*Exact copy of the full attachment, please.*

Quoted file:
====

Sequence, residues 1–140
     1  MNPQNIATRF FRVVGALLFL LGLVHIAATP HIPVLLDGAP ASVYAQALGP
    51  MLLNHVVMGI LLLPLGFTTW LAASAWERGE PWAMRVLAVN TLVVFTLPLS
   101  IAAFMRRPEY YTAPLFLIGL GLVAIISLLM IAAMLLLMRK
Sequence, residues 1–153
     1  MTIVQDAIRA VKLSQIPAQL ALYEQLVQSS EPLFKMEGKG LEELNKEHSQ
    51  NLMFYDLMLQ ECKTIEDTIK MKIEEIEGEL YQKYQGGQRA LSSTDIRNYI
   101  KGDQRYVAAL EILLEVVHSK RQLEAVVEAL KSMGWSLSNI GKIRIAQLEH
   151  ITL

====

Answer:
Sequence, residues 1–140
     1  MNPQNIATRF FRVVGALLFL LGLVHIAATP HIPVLLDGAP ASVYAQALGP
    51  MLLNHVVMGI LLLPLGFTTW LAASAWERGE PWAMRVLAVN TLVVFTLPLS
   101  IAAFMRRPEY YTAPLFLIGL GLVAIISLLM IAAMLLLMRK
Sequence, residues 1–153
     1  MTIVQDAIRA VKLSQIPAQL ALYEQLVQSS EPLFKMEGKG LEELNKEHSQ
    51  NLMFYDLMLQ ECKTIEDTIK MKIEEIEGEL YQKYQGGQRA LSSTDIRNYI
   101  KGDQRYVAAL EILLEVVHSK RQLEAVVEAL KSMGWSLSNI GKIRIAQLEH
   151  ITL